Living On Borrowed Time: Why Channel By Convenience Is Dead
Vendors that are stuck in a time warp bringing partners the same tired channel programs riddled with on-again, off-again field engagement are living on borrowed time. If you want a glimpse into just how fast the solution provider landscape is changing, look no further than the merger of Accuvant and FishNet, creating a $1.5 billion security giant with 1,400 employees.
It's no small matter that as Accuvant-FishNet stakes its claim as the premier cybersecurity solution provider, it is launching a new name and brand in the second half of the year. Accuvant-FishNet knows the brand it establishes will become bigger than any of the technology behemoth brands that are becoming less relevant as customers rearchitect their IT environments for a new era. Accuvant-FishNet is, perhaps, the most striking example of the rise of the new strategic solution providers displacing vendor brands, but it is happening in every segment of the market as solution providers build recurring revenue services with deep technology and vertical market specializations for the cloud era.
Chris Scanlan, a 10-year Accuvant veteran who is now the senior vice president of North American sales for Accuvant-FishNet, has seen firsthand how slow-moving technology behemoths have misplayed their hand. He calls it "channel by convenience," and it is killing old-world vendors. The channel-by-convenience model is characterized by erratic and inconsistent channel terms, engagement, pricing and compensation. At the root of it is a company that thinks its brand and singular product can carry the day. That might have been the case in the reseller era circa 1985. But it is certainly not the case in 2015.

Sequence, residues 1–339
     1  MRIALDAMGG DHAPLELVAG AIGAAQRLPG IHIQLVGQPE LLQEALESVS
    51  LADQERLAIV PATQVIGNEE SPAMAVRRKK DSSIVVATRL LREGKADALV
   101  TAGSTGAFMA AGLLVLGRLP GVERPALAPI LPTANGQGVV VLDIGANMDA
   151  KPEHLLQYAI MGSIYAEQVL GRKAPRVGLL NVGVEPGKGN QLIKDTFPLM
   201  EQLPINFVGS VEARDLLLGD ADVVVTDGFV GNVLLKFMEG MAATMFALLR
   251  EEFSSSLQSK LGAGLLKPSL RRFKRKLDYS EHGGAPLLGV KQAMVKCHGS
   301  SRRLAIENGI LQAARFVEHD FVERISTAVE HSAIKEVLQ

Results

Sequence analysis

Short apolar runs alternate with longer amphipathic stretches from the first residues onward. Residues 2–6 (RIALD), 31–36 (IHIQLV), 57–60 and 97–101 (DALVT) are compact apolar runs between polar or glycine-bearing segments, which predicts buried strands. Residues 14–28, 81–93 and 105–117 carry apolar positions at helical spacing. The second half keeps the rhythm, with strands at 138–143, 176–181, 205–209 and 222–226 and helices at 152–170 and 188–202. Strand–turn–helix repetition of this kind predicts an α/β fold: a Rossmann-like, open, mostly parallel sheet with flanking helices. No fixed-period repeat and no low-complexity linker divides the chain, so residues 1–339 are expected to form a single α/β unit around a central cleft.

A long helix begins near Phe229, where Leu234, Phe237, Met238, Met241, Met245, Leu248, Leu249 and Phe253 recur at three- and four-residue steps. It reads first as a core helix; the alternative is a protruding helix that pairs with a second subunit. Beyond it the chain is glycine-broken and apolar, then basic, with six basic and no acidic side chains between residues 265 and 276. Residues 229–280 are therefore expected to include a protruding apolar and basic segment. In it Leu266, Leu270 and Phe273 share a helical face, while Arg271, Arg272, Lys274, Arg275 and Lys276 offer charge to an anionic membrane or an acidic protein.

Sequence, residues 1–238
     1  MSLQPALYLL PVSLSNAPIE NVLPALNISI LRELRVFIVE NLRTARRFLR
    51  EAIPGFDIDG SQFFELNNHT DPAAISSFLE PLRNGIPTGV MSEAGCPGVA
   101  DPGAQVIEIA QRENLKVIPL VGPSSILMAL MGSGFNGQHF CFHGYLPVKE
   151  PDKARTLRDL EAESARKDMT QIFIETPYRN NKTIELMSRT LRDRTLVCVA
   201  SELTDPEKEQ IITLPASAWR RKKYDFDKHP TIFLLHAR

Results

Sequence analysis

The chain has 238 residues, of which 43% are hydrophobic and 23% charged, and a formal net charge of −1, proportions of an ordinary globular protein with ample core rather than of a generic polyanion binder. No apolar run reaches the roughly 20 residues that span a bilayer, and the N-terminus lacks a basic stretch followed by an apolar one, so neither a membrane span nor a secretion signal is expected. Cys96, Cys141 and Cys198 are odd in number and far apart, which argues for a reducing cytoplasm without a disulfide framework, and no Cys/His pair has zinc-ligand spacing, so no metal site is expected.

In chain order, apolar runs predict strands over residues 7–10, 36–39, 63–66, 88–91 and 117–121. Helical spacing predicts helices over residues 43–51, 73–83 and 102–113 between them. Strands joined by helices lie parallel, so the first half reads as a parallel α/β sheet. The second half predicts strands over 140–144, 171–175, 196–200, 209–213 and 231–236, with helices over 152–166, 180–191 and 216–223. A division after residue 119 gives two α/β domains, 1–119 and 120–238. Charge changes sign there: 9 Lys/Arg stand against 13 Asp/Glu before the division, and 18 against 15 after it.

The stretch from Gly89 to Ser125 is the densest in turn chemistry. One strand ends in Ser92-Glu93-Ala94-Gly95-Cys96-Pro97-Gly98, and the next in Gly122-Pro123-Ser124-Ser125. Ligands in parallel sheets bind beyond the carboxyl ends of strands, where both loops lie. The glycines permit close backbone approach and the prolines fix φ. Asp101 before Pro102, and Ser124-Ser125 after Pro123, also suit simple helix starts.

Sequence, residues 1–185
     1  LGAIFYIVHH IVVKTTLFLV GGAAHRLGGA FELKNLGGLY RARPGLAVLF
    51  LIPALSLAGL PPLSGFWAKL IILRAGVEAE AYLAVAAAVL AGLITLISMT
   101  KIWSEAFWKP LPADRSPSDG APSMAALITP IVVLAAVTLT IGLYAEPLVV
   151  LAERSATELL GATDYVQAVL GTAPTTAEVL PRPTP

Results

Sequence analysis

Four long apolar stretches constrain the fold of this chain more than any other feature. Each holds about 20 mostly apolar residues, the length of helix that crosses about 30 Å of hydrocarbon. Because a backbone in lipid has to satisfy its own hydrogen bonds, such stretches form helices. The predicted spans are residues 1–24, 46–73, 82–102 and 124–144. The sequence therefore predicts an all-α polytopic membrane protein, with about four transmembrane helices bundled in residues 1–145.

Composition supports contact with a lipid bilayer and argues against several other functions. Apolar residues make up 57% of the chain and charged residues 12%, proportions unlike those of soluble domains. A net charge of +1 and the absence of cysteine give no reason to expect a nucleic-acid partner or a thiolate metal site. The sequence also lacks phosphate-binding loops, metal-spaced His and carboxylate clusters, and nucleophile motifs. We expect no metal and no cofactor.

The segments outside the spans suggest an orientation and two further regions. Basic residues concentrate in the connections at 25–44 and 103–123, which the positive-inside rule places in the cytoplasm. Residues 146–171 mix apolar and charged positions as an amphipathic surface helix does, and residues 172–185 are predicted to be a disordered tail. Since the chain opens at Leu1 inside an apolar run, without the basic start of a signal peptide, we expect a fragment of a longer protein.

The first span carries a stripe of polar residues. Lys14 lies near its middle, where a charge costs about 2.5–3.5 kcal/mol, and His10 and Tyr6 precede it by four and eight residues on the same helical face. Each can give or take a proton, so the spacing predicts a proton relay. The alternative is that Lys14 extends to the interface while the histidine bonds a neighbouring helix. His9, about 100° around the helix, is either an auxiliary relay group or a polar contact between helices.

[Related: 2015 Channel Chiefs]
Strategic service providers such as Accuvant-FishNet are the trusted adviser for their customers. They are driving the customer buying decisions—not the vendor.
"You have these large, historically slow-moving, cumbersome rigid channel programs from these behemoths that demand you do it their way and adapt to their model of sales," said Scanlan. Those vendors declare themselves channel-friendly and expect partners to follow them blindly. So what needs to happen for these outdated vendors to get Accuvant-FishNet to sell more of their product?
"If I could bottle that, label it and sell it, I would stop working for Accuvant," said Scanlan. "It's a combination of almost 20 different variables and how committed the vendor is to those variables. Honestly, I have had these conversations with vendors, and I can tell they are fatigued. They don't have the energy, the time, the staff, and it is not their model."
There are many ways to put a stake in the heart of the channel-by-convenience model, but what is needed, first and foremost, is a 100 percent commitment to being at the center of how new-era strategic service providers go to market, delivering the right programs, compensation and field engagement.
The benefits of the new-era strategic provider model mean robust annuities and tremendous insight into solving customer problems. Those vendors that cross the bridge will thrive. Those that don't will find they no longer have a seat at the customer table.
BackTalk: Do you want to get an MSP monkey off your back? Let me know. Contact Steven Burke at firstname.lastname@example.org.